What's that blue logo really worth, anyway? Wesley Loy photo
The board of the Alaska Seafood Marketing Institute on Thursday signaled its "preliminary intent" to become the Marine Stewardship Council's new "client" on salmon.
That's a surprise, as many industry players sensed something of a rivalry between the two organizations as to who can best tell the world that Alaska's salmon fisheries are sustainable and well-managed.
The MSC is a London-based outfit that awards qualifying fisheries the right to use its blue ecolabel on their products. The label reportedly has become important for selling fish to European buyers, and to major retailers such as Walmart.
Alaska salmon won MSC certification in 2000. All along, the MSC's salmon "client" has been the Alaska Department of Fish and Game.
But last year the department sent this letter saying it wasn't so interested in continuing as client. Generally, industry groups seek MSC certification, not government agencies, Fish and Game Commissioner Denby Lloyd wrote.
Besides, Fish and Game officials have said, maintaining certification through periodic reviews is tedious and very expensive.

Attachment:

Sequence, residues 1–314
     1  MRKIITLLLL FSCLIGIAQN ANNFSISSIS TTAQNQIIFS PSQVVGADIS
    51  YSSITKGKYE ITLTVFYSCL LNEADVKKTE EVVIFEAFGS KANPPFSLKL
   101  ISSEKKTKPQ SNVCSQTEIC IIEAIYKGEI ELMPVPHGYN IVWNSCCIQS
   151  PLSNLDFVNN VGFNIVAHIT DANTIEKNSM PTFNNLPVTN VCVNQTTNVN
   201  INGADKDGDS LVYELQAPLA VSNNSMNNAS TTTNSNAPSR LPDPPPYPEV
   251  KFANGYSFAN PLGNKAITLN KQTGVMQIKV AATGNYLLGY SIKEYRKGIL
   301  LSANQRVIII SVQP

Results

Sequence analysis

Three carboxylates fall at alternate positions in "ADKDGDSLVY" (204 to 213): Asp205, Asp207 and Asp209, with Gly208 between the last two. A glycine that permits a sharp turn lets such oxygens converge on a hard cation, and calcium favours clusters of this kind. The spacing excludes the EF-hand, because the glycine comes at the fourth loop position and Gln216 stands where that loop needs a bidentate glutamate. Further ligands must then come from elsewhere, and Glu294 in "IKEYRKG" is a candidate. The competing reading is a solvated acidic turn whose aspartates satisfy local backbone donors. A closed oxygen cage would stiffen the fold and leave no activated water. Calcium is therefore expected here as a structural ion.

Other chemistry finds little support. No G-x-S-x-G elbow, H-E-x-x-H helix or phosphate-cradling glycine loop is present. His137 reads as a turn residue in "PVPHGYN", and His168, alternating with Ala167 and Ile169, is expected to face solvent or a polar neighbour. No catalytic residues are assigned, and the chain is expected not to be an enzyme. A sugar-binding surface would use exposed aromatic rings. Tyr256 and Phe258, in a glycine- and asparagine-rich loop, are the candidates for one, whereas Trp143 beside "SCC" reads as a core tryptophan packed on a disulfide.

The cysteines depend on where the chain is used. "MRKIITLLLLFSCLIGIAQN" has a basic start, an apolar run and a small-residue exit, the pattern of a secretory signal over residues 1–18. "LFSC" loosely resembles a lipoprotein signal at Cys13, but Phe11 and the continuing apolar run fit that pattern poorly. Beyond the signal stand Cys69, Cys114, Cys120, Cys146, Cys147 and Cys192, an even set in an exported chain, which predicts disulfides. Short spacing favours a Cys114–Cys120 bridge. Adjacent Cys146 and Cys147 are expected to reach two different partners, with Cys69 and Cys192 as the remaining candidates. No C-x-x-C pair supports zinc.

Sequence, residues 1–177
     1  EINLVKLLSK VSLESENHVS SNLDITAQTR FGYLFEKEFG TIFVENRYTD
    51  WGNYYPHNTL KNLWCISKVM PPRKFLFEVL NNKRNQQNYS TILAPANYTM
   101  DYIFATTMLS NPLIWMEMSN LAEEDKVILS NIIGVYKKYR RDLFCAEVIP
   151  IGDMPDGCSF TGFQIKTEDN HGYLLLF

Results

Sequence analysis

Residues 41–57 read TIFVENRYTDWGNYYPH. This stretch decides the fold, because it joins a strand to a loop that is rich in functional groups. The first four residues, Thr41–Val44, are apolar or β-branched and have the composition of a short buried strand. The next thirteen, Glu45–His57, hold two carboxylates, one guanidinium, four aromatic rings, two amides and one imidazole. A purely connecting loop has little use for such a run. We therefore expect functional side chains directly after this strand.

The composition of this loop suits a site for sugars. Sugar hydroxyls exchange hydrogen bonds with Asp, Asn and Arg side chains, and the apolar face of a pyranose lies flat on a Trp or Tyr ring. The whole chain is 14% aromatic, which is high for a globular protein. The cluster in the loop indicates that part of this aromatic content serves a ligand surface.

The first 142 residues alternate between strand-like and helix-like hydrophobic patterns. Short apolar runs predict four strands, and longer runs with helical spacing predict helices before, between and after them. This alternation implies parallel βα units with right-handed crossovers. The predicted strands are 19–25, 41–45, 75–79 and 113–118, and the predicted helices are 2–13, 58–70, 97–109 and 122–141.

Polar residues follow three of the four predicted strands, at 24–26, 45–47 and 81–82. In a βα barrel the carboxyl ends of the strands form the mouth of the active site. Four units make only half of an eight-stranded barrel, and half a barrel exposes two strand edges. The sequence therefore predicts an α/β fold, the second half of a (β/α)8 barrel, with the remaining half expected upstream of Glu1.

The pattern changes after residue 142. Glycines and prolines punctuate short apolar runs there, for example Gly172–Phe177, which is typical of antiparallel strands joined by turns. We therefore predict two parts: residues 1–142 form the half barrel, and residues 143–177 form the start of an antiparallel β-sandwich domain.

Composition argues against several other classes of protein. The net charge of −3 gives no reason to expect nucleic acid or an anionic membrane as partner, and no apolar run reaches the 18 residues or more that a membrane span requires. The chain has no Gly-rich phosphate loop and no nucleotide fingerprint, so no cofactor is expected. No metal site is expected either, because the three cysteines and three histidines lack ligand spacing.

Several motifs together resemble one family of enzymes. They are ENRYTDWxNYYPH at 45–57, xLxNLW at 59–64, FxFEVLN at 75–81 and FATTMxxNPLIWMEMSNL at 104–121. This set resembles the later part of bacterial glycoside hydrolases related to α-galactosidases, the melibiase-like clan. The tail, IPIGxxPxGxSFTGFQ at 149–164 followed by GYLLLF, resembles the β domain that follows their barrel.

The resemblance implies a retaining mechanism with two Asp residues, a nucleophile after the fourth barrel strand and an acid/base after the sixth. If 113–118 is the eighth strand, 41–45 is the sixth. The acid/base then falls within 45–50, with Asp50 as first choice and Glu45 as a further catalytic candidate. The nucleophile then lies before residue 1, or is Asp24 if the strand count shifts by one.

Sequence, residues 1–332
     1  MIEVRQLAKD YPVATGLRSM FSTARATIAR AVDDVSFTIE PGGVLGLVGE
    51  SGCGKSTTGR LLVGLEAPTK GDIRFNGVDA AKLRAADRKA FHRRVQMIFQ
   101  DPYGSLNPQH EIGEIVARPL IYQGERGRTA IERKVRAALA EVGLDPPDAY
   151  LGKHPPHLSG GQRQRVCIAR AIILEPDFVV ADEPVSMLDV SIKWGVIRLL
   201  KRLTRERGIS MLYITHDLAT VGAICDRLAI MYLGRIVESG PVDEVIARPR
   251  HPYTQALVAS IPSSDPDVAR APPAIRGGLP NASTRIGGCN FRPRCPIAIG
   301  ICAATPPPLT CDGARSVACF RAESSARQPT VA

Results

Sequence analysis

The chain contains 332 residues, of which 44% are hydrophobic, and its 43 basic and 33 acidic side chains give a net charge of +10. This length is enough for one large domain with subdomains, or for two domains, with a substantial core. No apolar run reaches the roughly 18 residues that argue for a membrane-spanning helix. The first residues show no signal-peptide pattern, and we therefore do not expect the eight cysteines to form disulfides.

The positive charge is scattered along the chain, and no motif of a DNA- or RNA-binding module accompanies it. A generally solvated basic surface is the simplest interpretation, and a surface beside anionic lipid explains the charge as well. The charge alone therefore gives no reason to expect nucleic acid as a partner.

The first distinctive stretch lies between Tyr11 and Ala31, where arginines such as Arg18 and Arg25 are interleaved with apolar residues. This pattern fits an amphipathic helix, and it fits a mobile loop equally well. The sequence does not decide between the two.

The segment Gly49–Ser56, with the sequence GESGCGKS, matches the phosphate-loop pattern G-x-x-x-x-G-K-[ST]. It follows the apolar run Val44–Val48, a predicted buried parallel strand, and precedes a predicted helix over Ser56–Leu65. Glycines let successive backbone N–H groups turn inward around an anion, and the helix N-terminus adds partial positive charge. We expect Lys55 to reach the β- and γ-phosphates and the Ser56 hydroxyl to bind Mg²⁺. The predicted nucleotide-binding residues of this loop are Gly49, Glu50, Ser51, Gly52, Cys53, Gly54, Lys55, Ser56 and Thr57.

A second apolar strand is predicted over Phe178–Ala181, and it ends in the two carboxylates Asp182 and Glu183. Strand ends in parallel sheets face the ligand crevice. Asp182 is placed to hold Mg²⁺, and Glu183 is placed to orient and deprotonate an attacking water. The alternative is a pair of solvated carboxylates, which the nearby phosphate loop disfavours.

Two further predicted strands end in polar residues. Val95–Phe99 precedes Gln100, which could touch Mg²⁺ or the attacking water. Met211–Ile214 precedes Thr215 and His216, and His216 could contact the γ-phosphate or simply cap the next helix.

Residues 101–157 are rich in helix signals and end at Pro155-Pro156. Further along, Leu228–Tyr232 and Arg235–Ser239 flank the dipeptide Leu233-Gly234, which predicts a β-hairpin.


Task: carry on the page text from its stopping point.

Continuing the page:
Many in the industry grumble that Alaska salmon needs no validation from an outside certifier, that the world already knows the state's iconic fish is excellent and the harvests stringently managed.
The trouble for the MSC is that the current certification for Alaska salmon expires at the end of the month.
The organization has appeared to be near desperate to keep Alaska's major fisheries, including salmon and Bering Sea pollock, in the MSC fold, as this confidential letter from 2006 indicates.
Now it appears ASMI, a state agency, is ready to dive in as the MSC's salmon client.
That's got the state's top commercial fishing organization, United Fishermen of Alaska, in a bit of a huff. The fishermen feel left out of the loop and wonder where ASMI can find the necessary funding in its lean budget.
ASMI spokeswoman Laura Fleming told Deckboss after Thursday's board meeting in Anchorage that ASMI needs answers from the MSC on a few issues before firmly committing as its salmon client.